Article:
Abbreviations: ARDS, acute respiratory distress syndrome.
The median time from illness onset to discharge was 25 (IQR, 19-30) d, whereas the median time to death was 22 (IQR 13-25) d. The median hospital durations of stay were 17 (IQR, 12-23) d for the survivors and 13 (IQR, 6-17) d for the nonsurvivors, respectively. The median duration of viral shedding of the nonsurvivors were longer than that of the survivors (12 [IQR, 7.8-15] d vs 6 [IQR, 4-10]) d; P < 0.001), even the virus was continuously detectable until death in 17 nonsurvivors.
Risk Factors for In-hospital Death
On the univariable analysis, the risk factors associated with in-hospital death were age, hypertension, diabetes, and cardiovascular disease. The elevated respiratory rate, PSI score, SOFA score, APACHE II score, white blood cell counts, total bilirubin, BUN, creatinine, LDH, D-dimer, and the decreased white blood cell counts, lymphocyte counts, platelet counts, and albumin were also associated with in-hospital death (Table 4).
Abbreviations: PSI, Pneumonia Severity Index; SOFA, Sequential Organ Failure Assessment; APACHE||, Acute Physiology and Chronic Health Evaluation||.
* Per 1 unit increase.
The multivariable logistic analysis indicated that higher SOFA score (odds ratio [OR], 3.077; 95% confidence interval [CI]: 1.848-5.122; P < 0.001), history of diabetes (OR, 10.474; 95% CI: 1.554-70.617; P = 0.016), and LDH greater than 245 U/L (OR, 13.169; 95% CI: 2.934-59.105; P = 0.001) were risk factors for in-hospital death (Table 4). The predictive equation for in-hospital death: logit(P) = −5.594 + 1.124 × SOFA + 2.578 × LDH ([LDH ≤ 245] = 0, [LDH > 245] = 1) + 2.349 × diabetes (without diabetes = 0, with diabetes = 1), P = elogit(P) /1 + elogit(P).
Development and Validation of a Nomogram for Predicting In-hospital Death
The independent predictors were used to establish a nomogram, and the points of each variable are shown in Figure 3A. The ROC curve analysis revealed that the AUC of the nomogram was 0.970 (95% CI: 0.947-0.992), showing good accuracy in predicting the risk of in-hospital death (Figure 3B). The sensitivity was 90.3%, and the specificity was 90.8%. The favorable calibration curve indicated that the prediction by the nomogram was highly consistent with the actual observation (Figure 3C). Moreover, the clinical impact curve (Figure 3D) indicated that the nomogram had good net benefits for the identification of the fatal outcome of patients with COVID-19.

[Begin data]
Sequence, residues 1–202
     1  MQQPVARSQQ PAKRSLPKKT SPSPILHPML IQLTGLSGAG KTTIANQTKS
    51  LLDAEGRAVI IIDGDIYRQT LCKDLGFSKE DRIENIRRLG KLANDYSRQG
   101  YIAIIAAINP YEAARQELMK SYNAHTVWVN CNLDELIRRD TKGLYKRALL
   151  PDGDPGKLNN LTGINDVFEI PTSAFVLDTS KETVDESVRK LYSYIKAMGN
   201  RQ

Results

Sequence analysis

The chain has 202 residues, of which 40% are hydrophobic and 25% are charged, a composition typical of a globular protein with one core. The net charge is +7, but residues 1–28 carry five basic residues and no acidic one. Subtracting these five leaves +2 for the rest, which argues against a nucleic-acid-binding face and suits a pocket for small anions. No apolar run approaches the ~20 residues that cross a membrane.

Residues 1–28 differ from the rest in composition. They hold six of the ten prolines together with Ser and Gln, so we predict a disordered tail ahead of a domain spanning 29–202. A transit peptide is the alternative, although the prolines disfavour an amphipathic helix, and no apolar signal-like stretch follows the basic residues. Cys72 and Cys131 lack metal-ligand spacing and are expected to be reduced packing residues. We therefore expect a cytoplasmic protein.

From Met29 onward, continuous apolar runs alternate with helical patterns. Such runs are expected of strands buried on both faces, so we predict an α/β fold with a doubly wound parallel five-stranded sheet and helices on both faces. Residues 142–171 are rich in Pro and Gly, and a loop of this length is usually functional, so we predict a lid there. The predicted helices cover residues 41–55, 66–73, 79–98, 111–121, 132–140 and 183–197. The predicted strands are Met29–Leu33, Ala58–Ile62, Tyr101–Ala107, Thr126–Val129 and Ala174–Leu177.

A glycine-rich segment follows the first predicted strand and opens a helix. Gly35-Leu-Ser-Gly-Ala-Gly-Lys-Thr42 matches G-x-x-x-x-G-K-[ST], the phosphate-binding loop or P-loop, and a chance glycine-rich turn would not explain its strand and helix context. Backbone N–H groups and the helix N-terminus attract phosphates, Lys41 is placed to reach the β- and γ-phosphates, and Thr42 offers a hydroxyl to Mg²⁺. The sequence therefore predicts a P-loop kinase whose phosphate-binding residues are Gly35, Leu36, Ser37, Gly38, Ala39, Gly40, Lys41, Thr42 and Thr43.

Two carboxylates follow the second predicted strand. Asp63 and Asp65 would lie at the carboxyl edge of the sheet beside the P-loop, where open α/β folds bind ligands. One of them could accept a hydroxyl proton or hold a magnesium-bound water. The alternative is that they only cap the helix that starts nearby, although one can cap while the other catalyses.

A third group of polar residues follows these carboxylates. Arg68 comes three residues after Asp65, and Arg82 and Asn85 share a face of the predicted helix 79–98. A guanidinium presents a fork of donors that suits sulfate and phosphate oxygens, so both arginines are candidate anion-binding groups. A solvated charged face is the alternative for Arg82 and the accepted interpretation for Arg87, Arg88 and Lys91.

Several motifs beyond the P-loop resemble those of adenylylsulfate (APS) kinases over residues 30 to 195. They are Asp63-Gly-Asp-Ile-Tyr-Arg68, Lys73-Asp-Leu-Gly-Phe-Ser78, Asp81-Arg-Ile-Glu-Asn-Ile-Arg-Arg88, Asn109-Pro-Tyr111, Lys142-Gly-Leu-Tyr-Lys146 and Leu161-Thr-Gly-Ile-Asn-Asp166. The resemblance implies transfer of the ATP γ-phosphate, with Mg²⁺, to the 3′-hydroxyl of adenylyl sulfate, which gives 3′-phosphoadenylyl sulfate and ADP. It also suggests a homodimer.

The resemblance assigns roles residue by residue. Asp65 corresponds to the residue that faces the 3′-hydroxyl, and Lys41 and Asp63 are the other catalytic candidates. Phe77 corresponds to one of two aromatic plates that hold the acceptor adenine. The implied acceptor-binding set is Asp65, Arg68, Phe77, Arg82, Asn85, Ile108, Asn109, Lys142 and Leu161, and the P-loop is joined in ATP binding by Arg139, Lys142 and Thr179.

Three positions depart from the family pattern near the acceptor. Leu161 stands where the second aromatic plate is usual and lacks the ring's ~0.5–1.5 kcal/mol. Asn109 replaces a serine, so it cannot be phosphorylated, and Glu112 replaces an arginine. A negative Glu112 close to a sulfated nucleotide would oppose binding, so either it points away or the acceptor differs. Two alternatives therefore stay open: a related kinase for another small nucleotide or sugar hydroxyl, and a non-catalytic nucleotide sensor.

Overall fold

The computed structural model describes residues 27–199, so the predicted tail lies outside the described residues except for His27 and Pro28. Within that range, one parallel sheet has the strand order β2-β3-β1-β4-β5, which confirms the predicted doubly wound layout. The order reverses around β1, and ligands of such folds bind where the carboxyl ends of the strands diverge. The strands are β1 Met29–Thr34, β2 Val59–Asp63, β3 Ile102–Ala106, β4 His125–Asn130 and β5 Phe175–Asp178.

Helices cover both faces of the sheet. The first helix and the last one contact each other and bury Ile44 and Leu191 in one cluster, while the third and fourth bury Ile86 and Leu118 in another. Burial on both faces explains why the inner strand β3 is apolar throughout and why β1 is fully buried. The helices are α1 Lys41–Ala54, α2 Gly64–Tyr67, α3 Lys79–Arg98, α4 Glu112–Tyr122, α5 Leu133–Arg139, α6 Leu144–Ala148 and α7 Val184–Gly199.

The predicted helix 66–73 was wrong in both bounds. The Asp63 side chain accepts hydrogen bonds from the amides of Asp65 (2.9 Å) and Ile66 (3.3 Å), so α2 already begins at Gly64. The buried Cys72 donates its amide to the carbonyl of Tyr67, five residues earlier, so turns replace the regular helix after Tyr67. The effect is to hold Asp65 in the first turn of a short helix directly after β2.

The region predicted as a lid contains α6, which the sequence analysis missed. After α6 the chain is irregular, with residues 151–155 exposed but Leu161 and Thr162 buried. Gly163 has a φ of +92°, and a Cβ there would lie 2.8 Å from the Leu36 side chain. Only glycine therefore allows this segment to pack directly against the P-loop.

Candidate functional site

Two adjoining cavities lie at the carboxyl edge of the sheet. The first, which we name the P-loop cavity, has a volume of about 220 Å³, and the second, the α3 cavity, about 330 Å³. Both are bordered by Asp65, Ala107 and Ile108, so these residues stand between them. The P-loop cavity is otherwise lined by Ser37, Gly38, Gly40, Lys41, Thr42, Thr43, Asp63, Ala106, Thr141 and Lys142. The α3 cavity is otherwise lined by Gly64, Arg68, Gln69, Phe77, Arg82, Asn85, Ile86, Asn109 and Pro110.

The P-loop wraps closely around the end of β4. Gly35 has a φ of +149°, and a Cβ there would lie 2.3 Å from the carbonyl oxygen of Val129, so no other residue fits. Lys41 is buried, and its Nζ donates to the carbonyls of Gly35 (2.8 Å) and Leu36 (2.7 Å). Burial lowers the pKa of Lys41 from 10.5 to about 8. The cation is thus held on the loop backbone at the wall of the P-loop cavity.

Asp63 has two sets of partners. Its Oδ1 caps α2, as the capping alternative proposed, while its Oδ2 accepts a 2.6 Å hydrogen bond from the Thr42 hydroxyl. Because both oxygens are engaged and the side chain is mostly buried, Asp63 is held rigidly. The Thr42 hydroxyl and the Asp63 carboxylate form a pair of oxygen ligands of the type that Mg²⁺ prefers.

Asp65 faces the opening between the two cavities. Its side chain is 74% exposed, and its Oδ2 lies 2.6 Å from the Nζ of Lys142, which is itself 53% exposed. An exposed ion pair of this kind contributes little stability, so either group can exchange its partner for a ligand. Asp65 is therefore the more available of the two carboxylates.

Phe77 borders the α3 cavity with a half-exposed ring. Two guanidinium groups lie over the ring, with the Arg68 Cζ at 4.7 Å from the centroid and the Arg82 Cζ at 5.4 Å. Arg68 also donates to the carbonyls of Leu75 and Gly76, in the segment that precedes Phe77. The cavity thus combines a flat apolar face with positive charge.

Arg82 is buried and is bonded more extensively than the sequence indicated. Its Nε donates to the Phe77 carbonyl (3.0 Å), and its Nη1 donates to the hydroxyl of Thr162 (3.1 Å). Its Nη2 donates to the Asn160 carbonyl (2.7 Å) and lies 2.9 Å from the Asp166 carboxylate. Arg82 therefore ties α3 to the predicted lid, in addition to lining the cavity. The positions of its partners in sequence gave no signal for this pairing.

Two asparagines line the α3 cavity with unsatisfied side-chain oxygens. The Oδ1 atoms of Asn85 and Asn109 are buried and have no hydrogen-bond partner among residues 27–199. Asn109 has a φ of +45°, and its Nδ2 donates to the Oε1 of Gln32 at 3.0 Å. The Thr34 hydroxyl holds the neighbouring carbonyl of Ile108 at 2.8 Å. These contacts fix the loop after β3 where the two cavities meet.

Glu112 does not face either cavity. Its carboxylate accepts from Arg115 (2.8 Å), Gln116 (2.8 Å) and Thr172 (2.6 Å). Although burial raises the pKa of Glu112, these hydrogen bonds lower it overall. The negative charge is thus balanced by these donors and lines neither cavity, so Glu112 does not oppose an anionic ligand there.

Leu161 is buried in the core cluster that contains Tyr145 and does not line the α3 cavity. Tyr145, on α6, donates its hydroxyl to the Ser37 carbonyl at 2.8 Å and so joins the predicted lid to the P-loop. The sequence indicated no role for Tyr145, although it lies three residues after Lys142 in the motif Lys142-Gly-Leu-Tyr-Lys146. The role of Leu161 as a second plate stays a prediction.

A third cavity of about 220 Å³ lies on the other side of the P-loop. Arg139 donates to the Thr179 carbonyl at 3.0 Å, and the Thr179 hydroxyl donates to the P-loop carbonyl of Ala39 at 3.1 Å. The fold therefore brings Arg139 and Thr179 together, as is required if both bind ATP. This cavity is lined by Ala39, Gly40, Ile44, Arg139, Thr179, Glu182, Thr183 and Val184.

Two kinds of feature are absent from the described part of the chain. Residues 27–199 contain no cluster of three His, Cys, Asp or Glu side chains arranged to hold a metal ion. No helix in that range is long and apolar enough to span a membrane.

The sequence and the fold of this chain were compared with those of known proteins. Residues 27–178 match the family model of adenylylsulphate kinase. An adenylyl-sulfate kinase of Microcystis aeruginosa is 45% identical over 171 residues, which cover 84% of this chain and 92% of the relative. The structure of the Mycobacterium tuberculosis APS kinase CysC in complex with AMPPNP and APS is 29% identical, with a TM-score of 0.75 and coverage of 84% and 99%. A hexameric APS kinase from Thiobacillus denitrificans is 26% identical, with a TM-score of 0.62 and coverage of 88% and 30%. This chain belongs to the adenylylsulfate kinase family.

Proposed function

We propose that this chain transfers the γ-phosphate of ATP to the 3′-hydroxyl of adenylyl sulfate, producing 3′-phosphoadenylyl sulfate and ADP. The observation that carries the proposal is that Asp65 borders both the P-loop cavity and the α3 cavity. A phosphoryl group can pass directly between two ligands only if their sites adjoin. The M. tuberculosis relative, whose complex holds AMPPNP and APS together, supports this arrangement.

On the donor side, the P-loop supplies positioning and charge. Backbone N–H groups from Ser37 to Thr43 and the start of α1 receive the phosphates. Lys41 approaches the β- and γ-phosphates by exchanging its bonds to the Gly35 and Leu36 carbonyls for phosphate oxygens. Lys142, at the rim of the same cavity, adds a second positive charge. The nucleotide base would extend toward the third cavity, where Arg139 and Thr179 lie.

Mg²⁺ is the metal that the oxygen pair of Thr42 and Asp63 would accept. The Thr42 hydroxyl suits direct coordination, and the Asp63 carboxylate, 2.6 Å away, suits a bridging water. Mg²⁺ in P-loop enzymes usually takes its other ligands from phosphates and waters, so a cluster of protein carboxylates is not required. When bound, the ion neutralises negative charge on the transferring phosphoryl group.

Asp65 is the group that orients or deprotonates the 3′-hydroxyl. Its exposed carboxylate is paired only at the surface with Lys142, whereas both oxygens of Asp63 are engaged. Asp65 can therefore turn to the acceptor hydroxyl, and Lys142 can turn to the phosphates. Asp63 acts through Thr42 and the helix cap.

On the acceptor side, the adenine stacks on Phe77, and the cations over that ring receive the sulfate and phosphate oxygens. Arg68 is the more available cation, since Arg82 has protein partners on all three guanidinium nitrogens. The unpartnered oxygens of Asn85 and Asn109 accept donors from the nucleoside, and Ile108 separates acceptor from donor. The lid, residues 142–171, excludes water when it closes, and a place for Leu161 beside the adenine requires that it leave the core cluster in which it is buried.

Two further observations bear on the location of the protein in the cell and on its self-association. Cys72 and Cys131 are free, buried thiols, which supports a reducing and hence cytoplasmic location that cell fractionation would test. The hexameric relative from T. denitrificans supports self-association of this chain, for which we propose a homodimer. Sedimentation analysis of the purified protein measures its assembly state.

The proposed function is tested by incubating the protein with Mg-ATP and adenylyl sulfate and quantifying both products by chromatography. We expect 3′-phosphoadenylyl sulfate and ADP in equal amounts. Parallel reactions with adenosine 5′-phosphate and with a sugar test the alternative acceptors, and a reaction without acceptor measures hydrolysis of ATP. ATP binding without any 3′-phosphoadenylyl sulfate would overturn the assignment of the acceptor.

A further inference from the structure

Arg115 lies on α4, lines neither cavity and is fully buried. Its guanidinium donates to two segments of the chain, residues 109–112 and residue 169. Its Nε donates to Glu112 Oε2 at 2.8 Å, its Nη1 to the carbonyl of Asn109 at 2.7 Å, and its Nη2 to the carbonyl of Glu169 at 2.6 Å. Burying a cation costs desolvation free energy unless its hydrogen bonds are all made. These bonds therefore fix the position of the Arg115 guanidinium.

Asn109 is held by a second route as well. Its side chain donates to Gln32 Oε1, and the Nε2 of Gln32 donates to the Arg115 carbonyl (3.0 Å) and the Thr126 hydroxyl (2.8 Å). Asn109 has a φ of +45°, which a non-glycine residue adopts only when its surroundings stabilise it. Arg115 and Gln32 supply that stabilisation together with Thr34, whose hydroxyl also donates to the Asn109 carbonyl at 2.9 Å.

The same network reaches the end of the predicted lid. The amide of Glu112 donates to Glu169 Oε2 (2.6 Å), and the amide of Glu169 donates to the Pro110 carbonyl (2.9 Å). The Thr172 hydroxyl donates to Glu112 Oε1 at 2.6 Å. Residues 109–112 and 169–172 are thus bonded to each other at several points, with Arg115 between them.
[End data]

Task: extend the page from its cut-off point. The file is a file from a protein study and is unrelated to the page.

Fifty-two of 512 hospitalized patients with COVID-19 between March 5, 2020, and May 1, 2020, including all 12 dead patients and 40 discharged patients who were randomly selected according to hospitalization number, were enrolled to perform an external validation. The AUC of the nomogram was 0.923 (95% CI: 0.828-1.000), and the predictive accuracy was 0.942. The model was confirmed to be reliable.
Most of patients with COVID-19 present with mild flu-like symptoms and recover quickly. However, many severe patients show rapid progression and develop multiple organ dysfunction, even death, indicating that recognition of risk factors are essential to identify those potentially needing critical care and management at an early stage. Several studies focused on risk factors associated with poor prognosis, including elder age, comorbidities, lymphopenia, D-dimer greater than 1 μg/L, elevated CRP, high LDH, high hypersensitive troponin I, high interleukin-6, hyperglycemia, and hypoproteinemia. However, these clinical and laboratory indicators are independent, Reference Zhou, Yu and Du2,Reference Cummings, Baldwin and Abrams5,Reference Li, Xu and Yu16-Reference Zhang, Yu and Tong18 which cannot comprehensively reflect the prognosis of COVID-19.
To our knowledge, no mature and reliable scoring system has been established to assess the risk of death in hospital with COVID-19. SOFA score is a low-cost, 2-min bedside clinical tool introduced to facilitate early recognition of sepsis and multi-organ dysfunction. SOFA score is a consistent and convincing tool that can be used across different patient populations and clinical settings. In the current study, we determined that sepsis occurred in 37.3% of patients with COVID-19 due to viral infection. We also identified SOFA score as an independent risk factor for death in adults who were hospitalized due to COVID-19.